Dec 14, 2010

What You Drink Impacts Your Diet, Part Eight: Juice (Fruit and Vegetable)

"Should I have a V8" or any commercial fruit juice or veggie drink? It all depends.

Considering that fruits and vegetables are high in antioxidants, vitamins, minerals, fiber, and other nutrients and should be a large part of any sound diet –– for weight loss and protecting health, consuming juice (fruit and vegetable) seems like a "no-brainer." However, most "commercial juices" are high in calories and low in fiber –– the opposite of fruits and vegetables in their natural complete states. Worse, these beverages are high in sugar and contain very little of the fruit or vegetable they are supposedly derived from, which means that their nutritional value and purpose is suspect.

The naturally occurring sugar (fructose) found in fruit and some vegetables like carrots and beets is not at issue (excluding diabetics and those sensitive to sugar); it's the extra refined sugars, high-fructose corn syrup (HFCS) as well as the preservatives and additives –– ingredients used in most commercial juice and vegetable drink recipes. And have you been down the juice aisle lately? Companies are making juice out of "everything but the kitchen sink." Consequently, at this juncture in our beverage expedition, we'll just analyze a few to make a larger point.

Let's take for example the kid-pushed Capri Sun drink, which was labeled as "All Natural" when the ingredients were (are) water, high-fructose corn syrup, small amount of juice, and flavoring natural –– an additive best avoided. That was until a lawsuit erupted in 2007, forcing them to rethink and withdraw their "All Natural" claim. Since, Capri Sun has undergone a makeover, embracing drinks without high-fructose corn syrup, but they still use refined sugar and other additives. To confuse the issue, Capri Sun, owned by Kraft Foods, marketing strategy touts "25% less sugar" (6-ounce pouch equals 60 calories and 16 grams of sugar) and a deceptive slogan of "wholesome."

On the other hand, in an 8-ounce cup of Minute Maid orange juice (Home Squeezed Style + Calcium and Vitamin D), the ingredient list is much purer (NO added sugar and the like); still you'll drink 110 calories and 24 grams of sugar. Furthermore, even though there is no fat and a minimal amount of sodium in Minute Maid beverages, they do lack the fiber found in fresh fruit, which is vital for a healthy diet and helps with fat loss. In contrast, a large orange has the advantage of 4.4 grams of fiber. The same can be said for apple juice –– and most commercial fruit juice for that matter. For the same amount of calories (around 100) you get 5 grams of fiber with a large apple vs. zero in a cup of apple juice.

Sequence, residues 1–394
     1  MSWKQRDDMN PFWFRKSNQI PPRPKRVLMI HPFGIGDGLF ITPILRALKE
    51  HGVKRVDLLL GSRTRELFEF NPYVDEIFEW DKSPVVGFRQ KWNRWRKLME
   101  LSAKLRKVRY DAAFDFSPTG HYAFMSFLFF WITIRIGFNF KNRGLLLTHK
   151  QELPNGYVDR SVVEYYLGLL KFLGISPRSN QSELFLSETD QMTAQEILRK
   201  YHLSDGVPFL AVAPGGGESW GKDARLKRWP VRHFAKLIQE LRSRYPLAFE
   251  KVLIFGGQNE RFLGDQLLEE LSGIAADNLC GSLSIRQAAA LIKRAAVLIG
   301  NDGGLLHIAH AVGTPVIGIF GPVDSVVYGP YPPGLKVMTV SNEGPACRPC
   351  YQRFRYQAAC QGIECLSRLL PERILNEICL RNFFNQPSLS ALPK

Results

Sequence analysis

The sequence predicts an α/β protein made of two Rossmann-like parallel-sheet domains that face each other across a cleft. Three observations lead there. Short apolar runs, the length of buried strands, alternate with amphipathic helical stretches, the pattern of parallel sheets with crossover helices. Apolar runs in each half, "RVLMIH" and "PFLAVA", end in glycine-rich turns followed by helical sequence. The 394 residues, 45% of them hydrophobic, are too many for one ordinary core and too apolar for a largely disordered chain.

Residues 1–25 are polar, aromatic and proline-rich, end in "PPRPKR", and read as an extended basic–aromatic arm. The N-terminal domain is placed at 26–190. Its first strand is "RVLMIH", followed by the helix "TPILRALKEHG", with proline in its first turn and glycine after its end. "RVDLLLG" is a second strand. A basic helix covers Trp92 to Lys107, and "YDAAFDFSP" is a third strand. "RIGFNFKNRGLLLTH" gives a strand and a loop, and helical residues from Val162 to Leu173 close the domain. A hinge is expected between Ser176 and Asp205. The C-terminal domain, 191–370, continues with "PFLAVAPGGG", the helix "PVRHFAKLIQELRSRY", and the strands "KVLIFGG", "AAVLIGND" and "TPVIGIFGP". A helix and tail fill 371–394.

Commercial vegetable drinks (juices) are a little trickier to decipher, and there are decent choices on the market these days. Even though veggie drinks do contain vegetables, many add fruit, sugar, and additives to make it more palatable as well as preservatives to extend shelf life. Some like Bolthouse Farms contain Spirulina (a blue-green algae, offering "nutrients, amino acids, and health benefits," yet not without its "skeptics and cautions to consider") to their Green Goodness –– AKA "green drink."

This brings us to the familiar V8 veggie drink, invented back in the 1930's by W.G. Peacock, and acquired by Campbell Soup Company in 1948. Over the years, it became popular with its infamous marketing line, "I could've had a V8" –– still used today, even popping up on an episode of Family Guy. V8 has evolved, adding many other so-called healthy beverages to their product line. While some of the V8 fruit juice blends contain high-fructose corn syrup, their 100% Vegetable Juice is not bad –– it's low in calories (50 for 8 oz.), yet high in sodium (420 mg in 8oz.). Maybe that is why they developed a low-sodium version with 140 mg.

So, when it comes to health and fitness, the real question must be preemptive and without the "regret head bang" –– "Should I have a V8" or any commercial fruit juice or veggie drink? It all depends. Read labels; skip the ones with added sugar and sugar derivatives like HFCS, too much sodium, and carefully analyze preservatives and additives. Try to choose fruit and veggie drinks that are freshly made or better yet, "juice it" yourself. Here is a quick and simple veggie drink recipe: Take 1 beet, 2 carrots, and 1 cup broccoli, blend in your Jack Lalanne's Power Juicer, and enjoy! Nutritional Value: 200 calories, 8.8 grams protein, 39.6 grams carbs, 0.8 grams fat; 12 grams fiber, and 220 mg (natural) sodium.

While natural and fresh juice, for the most part, serves as a thirst quencher or a beverage with a meal, they are also an immense aid when you are sick or fasting for health or spiritual reasons. But for those counting calories, beware, juice calories add up quickly. Even so, veggie drinks are a positive alternative to "fast food," an avenue for those lacking vegetables in their diet, an awesome way to boost nutrient intake, and a substitute for any meal of the day –– only if you choose the right one or make your own. And for those eager for more "meal replacement" ideas (protein shakes, smoothies, and green drinks), stay tuned –– it's our next STOP in our journey toward health, wellness and a fit physique.

Article first published as What You Drink Impacts Your Diet, Part Eight: Juice (Fruit and Vegetable) on Blogcritics. Author: Christine Lakatos — Published: Dec 13, 2010 at 2:04 pm / Part of Fitness Flash and My Diva Diet blog spot!
This is Part Eight of Weight Loss: What You Drink Impacts Your Diet 10-Part Series
This ten-part series, a "beverage expedition" of sorts, will uncover how liquid consumption affects your weight, health and wellness, for better or worse.

No comments: